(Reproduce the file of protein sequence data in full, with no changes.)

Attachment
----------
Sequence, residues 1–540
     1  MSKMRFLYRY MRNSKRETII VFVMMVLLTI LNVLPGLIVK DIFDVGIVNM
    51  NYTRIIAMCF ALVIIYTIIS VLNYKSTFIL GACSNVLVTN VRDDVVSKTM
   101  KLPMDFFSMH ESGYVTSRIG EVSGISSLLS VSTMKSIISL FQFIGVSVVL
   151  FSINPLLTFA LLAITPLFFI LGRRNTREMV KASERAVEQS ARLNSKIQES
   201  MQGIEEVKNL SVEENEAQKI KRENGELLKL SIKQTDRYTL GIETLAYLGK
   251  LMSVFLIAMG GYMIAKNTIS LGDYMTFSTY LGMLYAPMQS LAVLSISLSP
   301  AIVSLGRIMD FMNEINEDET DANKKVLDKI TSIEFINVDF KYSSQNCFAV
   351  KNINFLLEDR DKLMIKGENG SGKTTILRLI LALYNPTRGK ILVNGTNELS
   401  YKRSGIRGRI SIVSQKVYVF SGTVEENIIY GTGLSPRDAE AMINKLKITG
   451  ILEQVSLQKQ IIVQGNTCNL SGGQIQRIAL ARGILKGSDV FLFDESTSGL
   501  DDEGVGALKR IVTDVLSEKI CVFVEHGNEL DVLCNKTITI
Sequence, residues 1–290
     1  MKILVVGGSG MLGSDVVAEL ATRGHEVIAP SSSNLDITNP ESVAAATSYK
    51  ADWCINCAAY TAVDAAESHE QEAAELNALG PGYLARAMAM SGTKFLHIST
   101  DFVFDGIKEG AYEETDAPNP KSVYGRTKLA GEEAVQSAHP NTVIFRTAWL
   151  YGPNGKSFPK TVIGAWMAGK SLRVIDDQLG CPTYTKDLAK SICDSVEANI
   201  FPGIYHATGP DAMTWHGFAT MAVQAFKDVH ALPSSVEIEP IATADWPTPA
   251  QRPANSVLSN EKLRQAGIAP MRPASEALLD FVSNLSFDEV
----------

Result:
Sequence, residues 1–540
     1  MSKMRFLYRY MRNSKRETII VFVMMVLLTI LNVLPGLIVK DIFDVGIVNM
    51  NYTRIIAMCF ALVIIYTIIS VLNYKSTFIL GACSNVLVTN VRDDVVSKTM
   101  KLPMDFFSMH ESGYVTSRIG EVSGISSLLS VSTMKSIISL FQFIGVSVVL
   151  FSINPLLTFA LLAITPLFFI LGRRNTREMV KASERAVEQS ARLNSKIQES
   201  MQGIEEVKNL SVEENEAQKI KRENGELLKL SIKQTDRYTL GIETLAYLGK
   251  LMSVFLIAMG GYMIAKNTIS LGDYMTFSTY LGMLYAPMQS LAVLSISLSP
   301  AIVSLGRIMD FMNEINEDET DANKKVLDKI TSIEFINVDF KYSSQNCFAV
   351  KNINFLLEDR DKLMIKGENG SGKTTILRLI LALYNPTRGK ILVNGTNELS
   401  YKRSGIRGRI SIVSQKVYVF SGTVEENIIY GTGLSPRDAE AMINKLKITG
   451  ILEQVSLQKQ IIVQGNTCNL SGGQIQRIAL ARGILKGSDV FLFDESTSGL
   501  DDEGVGALKR IVTDVLSEKI CVFVEHGNEL DVLCNKTITI
Sequence, residues 1–290
     1  MKILVVGGSG MLGSDVVAEL ATRGHEVIAP SSSNLDITNP ESVAAATSYK
    51  ADWCINCAAY TAVDAAESHE QEAAELNALG PGYLARAMAM SGTKFLHIST
   101  DFVFDGIKEG AYEETDAPNP KSVYGRTKLA GEEAVQSAHP NTVIFRTAWL
   151  YGPNGKSFPK TVIGAWMAGK SLRVIDDQLG CPTYTKDLAK SICDSVEANI
   201  FPGIYHATGP DAMTWHGFAT MAVQAFKDVH ALPSSVEIEP IATADWPTPA
   251  QRPANSVLSN EKLRQAGIAP MRPASEALLD FVSNLSFDEV